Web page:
“And Mr Malema and his comrades have a great need to understand and embrace ubuntu. They have a responsibility, as elected leaders, to engage others, and speak about their differences, and find one another. That is the African way. That is the ubuntu way. Why would the EFF leaders shun this?”

Bishop Moreo said if the present trend continued, modern-day racism could become institutionalised and be far worse than apartheid, with even worse consequences for the country: “And beware: when you start to label someone as a racist, you immediately become a racist yourself.”

Bishop Moreo said people of faith should renew efforts to play a leading role in demonstrating the love of one another which all religions espouse.

“I particularly ask Anglicans in my diocese to continue to engage with one another as we seek to overcome this renewed scourge of racism that has reared its satanic head in our land. We did this before as we struggled, not without our differences, in the pre 1994 days. Now is the time for us as Christians to rise up again and show that we will not allow racism to take hold at the expense of love and reconciliation.”

Diocese of Natal Advertises Post of Diocesan Secretary

Anglican Diocese of Natal

Applications are invited from suitably qualified persons for the post of

Diocesan Secretary

in the Anglican Diocese of Natal

Download PDF of this advertisement here – Advertisement_Natal

Location of Post: Cathedral Centre, 169 Langalibalele Street, Pietermaritzburg.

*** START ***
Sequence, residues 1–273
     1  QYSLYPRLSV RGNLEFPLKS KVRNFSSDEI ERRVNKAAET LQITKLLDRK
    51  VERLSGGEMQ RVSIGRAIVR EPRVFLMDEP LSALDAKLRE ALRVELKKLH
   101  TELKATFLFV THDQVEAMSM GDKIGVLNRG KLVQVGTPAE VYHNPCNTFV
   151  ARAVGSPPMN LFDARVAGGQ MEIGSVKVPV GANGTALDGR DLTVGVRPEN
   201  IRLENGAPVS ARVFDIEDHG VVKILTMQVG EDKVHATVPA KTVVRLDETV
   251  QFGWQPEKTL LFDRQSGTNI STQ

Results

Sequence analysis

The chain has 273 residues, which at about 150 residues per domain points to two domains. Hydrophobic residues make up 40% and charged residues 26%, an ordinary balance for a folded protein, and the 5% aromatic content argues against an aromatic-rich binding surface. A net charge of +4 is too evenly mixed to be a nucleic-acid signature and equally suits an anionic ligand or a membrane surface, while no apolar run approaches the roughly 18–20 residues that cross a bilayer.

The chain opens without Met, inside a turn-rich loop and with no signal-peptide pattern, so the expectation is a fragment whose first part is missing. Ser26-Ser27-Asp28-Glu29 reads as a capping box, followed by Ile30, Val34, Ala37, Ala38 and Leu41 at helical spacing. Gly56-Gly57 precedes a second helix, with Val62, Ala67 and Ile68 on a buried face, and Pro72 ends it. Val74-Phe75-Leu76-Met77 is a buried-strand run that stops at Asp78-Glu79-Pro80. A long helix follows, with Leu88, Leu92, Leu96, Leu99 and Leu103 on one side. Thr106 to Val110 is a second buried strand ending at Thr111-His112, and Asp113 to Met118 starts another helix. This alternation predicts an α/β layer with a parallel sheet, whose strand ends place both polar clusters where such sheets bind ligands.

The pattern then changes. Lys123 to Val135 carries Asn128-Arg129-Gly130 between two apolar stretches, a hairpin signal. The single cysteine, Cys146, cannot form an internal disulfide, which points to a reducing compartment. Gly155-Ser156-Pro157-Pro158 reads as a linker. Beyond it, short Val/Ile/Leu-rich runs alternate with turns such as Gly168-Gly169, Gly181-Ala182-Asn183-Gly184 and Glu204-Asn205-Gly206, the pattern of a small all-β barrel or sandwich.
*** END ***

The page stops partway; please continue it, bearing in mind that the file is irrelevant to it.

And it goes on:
Description and Purpose of the Post:

The Diocesan Secretary is the senior executive responsible for the management of the administration in the Diocese of Natal. The incumbent reports to the Bishop of Natal.

Subject to the direction of the Diocesan Bishop and implementing resolutions from Synod, the Board of Trustees and Diocesan Council, the primary responsibilities of the post include –

  • Supporting the implementation of the mission and vision of the Diocese
  • Ensuring that the Diocese maintains an effective, efficient and transparent financial management and control system;
  • As the Diocesan Public Officer, ensuring that the Diocese adheres to all legal requirements in respect of its Public Benefit Organisation status;
  • Overseeing all tax matters as prescribed in the Tax Administration Act;
  • Supporting the stability of the Diocese as a whole while promoting Christian development;
  • Ensuring compliance with all Constitutional and Canonical, statutory and regulatory requirements and that decisions of Synod, Diocesan Council and the Board of Trustees are implemented;
  • Ensuring effective management of movable and immovable assets;
  • Enabling effective support to the various parishes, organisations and schools;
  • Ensuring that appropriate governance procedures are in place to advance accountability, transparency, compliance with relevant rules and regulations to facilitate effective operational efficiency;
  • Managing human resources and volunteers as well as the provision of support for the management of the human resources of the parishes, organisations and schools;
  • Supporting effective communication management;
  • Ensuring effective risk management system;
  • Holding regular meetings with senior staff.


  • Extensive experience (5 years or more) in management of a large organisation requiring the ability to communicate, work with and understand the needs of the various levels within the Diocese;
  • The ability to make decisions while retaining empathy in dealing with people;
  • Excellent verbal and written communication skills in English (the ability to communicate in isiZulu is an advantage).
  • To be a practising Anglican would be an advantage.


  • A relevant Bachelor’s Degree (Finance and Management).
  • Computer literacy